Continue Reading
Closeup of a software engineer's hands as they work on a computer.
A Guide to Insurance Policy Administration Systems in 2024: Build, Buy, or Integrate?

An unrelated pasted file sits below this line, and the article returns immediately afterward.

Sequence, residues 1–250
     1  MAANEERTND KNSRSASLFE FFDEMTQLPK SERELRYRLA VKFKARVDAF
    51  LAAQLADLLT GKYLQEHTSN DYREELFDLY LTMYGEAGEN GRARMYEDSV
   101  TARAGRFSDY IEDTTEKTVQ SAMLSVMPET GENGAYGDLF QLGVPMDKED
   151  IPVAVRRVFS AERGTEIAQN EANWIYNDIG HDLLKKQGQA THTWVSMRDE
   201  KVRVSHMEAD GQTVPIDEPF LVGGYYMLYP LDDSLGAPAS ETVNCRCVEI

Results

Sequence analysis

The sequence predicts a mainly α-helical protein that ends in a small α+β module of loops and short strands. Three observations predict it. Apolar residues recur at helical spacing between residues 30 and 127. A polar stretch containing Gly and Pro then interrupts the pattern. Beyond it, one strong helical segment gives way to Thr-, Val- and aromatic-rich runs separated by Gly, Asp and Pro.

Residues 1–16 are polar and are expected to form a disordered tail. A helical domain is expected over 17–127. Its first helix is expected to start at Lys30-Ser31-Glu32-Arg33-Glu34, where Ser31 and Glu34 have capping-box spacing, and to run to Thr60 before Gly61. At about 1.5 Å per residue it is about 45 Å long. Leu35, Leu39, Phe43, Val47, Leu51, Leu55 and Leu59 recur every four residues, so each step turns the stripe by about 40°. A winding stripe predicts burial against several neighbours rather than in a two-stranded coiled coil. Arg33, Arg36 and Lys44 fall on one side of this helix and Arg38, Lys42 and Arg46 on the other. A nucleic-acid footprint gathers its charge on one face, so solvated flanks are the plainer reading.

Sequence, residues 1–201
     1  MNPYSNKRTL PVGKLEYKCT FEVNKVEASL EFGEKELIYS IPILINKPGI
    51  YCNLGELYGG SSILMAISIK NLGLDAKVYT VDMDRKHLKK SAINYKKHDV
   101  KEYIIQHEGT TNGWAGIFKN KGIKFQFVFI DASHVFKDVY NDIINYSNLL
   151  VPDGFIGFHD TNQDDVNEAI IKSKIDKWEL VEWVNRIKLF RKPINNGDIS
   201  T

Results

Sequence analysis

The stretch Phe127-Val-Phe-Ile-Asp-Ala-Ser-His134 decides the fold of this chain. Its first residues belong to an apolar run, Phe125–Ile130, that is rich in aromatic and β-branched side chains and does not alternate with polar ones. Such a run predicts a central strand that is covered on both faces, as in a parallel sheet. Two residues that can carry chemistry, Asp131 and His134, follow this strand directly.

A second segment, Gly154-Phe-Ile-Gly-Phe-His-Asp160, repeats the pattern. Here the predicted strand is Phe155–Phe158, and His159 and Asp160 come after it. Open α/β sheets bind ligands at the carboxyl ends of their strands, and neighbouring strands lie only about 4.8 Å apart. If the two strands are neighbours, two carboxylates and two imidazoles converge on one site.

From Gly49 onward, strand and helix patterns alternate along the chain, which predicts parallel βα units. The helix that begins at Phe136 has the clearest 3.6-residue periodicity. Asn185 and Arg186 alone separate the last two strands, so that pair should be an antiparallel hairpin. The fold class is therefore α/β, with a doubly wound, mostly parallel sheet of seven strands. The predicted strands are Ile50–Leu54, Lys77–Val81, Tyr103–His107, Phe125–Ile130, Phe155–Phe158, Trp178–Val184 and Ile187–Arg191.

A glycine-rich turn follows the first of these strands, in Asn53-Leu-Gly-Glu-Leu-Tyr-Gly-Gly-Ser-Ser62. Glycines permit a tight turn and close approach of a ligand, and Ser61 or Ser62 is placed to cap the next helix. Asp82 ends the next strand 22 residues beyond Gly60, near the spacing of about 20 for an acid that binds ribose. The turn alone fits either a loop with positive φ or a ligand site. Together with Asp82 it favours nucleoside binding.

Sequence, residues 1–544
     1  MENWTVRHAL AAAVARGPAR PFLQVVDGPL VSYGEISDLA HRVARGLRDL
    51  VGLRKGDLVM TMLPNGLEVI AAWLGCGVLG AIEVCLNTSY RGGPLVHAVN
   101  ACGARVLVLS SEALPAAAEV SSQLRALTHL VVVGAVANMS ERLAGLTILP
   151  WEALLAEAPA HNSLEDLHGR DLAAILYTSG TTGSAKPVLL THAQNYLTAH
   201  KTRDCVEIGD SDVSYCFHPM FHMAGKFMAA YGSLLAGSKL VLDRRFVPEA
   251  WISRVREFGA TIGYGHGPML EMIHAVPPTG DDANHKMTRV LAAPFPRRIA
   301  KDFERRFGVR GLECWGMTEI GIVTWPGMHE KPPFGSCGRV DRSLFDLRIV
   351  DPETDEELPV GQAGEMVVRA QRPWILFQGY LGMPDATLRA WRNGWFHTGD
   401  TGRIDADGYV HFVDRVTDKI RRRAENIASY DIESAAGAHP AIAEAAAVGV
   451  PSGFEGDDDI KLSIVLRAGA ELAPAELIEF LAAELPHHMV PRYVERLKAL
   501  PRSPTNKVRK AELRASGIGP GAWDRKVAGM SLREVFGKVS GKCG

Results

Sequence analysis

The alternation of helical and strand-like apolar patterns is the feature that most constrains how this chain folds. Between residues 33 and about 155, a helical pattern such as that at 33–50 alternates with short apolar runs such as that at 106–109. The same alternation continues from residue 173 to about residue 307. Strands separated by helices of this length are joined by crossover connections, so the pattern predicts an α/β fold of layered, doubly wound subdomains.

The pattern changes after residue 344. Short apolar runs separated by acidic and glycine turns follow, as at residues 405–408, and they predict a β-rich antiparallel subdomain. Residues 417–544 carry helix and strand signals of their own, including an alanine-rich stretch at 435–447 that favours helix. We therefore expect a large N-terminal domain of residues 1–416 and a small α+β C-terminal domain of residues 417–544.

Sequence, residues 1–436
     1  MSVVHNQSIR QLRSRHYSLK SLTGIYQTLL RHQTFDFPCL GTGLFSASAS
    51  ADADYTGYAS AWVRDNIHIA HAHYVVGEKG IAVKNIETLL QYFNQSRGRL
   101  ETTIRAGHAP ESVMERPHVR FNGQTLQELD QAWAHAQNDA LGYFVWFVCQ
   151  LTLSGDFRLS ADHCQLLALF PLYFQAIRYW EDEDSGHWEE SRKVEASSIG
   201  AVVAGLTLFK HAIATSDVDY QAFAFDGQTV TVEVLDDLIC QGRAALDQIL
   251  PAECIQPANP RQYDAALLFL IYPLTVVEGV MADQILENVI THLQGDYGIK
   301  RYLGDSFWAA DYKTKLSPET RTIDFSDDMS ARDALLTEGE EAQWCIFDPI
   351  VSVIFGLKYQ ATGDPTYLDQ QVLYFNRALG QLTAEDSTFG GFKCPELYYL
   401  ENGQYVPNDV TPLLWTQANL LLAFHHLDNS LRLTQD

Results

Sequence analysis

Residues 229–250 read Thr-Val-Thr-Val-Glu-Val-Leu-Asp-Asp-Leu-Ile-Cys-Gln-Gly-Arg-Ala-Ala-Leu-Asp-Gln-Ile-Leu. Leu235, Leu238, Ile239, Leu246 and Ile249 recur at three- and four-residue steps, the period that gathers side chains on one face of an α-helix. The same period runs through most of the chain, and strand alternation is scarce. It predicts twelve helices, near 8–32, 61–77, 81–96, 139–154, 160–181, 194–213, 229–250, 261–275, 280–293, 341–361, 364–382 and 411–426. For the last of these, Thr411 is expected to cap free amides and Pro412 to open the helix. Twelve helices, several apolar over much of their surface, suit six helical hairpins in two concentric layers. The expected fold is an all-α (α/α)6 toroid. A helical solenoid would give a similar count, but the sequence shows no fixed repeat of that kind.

author avatar
By The Boost Team on Apr 13, 2024
11 Min Read